The same memo-writer who attacked Reverend McPherson’s promotion of the Eskasoni iron prospect was very complimentary of the McPherson mine’s deposit: “It would seem that there exists at Mount Cameron only a short distance from the railway and a few miles from an excellent market for iron ore, a rather small body of magnetic iron ore of high quality, except for a comparatively large percentage of sulphur.”

He recommended “that a six months’ option of the mining area be obtained from Rev. Father McPherson on reasonable terms and that the area be further prospected.”

An ore sample of from the McPherson mine was awarded a first-class diploma at the Paris Exhibition in 1901. The sample is still stored in the economic rock collection of the Nova Scotia Museum of Natural History in Halifax.

The roadbed by the McPherson mine has been relocated since the era when the mine was active, obliterating some of the old workings.

McPherson was also involved in the Ingraham mine in nearby Ironville which also operated in the early 1900s and provided some iron ore to both the to the Dominion Iron and Steel Company and the Nova Scotia Steel and Coal Company.

Reverend McPherson was born in Big Pond, Cape Breton, on September 16, 1847. He was educated at St. Francis Xavier College in Antigonish and the Grand Seminary in Quebec. He was ordained on October 6, 1872, at Quebec.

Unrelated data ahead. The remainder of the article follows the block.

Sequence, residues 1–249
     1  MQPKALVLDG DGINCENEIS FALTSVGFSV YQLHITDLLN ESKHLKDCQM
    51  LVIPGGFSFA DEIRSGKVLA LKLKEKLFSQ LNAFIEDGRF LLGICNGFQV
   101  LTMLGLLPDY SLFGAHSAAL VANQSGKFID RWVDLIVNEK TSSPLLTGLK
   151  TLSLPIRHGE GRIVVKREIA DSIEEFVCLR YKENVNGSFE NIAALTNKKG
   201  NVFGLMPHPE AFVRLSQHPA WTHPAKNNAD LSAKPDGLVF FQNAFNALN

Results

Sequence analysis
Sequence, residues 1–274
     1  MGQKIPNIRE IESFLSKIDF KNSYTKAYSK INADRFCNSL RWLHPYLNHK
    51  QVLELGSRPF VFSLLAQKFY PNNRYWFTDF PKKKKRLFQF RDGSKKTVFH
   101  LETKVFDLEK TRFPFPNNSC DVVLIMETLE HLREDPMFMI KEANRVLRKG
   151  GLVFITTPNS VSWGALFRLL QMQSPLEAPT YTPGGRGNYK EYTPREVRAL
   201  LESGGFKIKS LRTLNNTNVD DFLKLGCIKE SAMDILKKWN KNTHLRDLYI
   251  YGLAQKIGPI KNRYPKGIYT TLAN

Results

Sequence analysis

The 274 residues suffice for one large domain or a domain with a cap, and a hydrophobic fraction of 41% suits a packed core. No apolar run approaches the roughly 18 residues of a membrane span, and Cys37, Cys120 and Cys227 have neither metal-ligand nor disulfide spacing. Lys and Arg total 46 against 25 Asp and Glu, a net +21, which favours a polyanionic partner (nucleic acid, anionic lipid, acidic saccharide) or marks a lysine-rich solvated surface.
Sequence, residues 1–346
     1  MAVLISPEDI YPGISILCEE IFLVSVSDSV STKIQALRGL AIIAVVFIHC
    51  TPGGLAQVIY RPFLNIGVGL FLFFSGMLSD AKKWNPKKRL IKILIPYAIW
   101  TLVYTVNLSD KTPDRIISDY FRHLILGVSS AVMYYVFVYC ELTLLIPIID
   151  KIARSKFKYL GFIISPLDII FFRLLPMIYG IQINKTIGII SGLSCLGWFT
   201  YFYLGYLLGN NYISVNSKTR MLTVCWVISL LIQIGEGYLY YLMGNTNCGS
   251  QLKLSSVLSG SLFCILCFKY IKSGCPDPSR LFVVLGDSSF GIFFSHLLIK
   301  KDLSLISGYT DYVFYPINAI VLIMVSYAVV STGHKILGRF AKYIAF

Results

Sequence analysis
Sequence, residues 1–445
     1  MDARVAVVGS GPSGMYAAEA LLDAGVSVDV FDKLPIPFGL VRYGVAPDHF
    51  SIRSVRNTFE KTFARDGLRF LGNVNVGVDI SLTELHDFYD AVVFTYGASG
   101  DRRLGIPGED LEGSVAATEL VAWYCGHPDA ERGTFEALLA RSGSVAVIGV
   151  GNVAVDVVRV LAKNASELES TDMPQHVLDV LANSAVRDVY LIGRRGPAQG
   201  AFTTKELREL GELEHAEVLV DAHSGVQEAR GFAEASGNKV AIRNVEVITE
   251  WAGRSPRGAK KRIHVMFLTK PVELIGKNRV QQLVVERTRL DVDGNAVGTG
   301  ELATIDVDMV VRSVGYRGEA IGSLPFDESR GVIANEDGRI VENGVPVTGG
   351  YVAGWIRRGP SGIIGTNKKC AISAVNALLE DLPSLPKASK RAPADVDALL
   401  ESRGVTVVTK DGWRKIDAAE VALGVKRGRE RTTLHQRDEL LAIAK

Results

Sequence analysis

He was pastor of Ingonish and Cape North from 1872-74, pastor of Port Felix from 1874-78 and pastor of Little Bras d’Or from 1878-1908.

In 1907, McPherson objected when the mission of Boularderie, which had been served from Boisdale for ten years, was transferred to Bras d'Or and at the same time the mission of Frenchvale was transferred from Bras d ’Or to Boisdale. This meant McPherson was losing responsibility for Frenchvale but gaining Boularderie.

McPherson was sufficiently upset with these changes that he appealed to the apostolic delegate in Ottawa. Not only did McPherson not win the appeal but the apostolic delegate suspended him for disobeying the orders of his bishop, Bishop Cameron.

When Bishop Cameron passed away in 1910, McPherson assumed his suspension was lifted, but that was not the case. McPherson travelled to Rome in 1910 to appeal his suspension and was successful.

McPherson spent two months in Italy. On his return voyage, one day after leaving Liverpool, England, on a White Star-Dominion ship named “Canada,” he died of heart failure. The date was November 4 and he was 63 years of age. He was buried at sea.

He was survived by his brothers Joseph, an MLA from 1891-94 and customs collector at the port of North Sydney, and Neil and Hector, both of whom lived in Big Pond.

While we could not find any records that explained what motivated Reverend McPherson’s interest in mining, it is possible that he shared the belief of Father Pierre Fiset that a pastor should not only tend to his flock’s souls but also to their well-being in this life. Fiset started the Cheticamp gypsum quarry (, which is a beautiful hiking trail and swimming hole today. He also started several other businesses and economic development initiatives (

Our thanks to the Beaton Institute for their assistance with research about Reverend McPherson.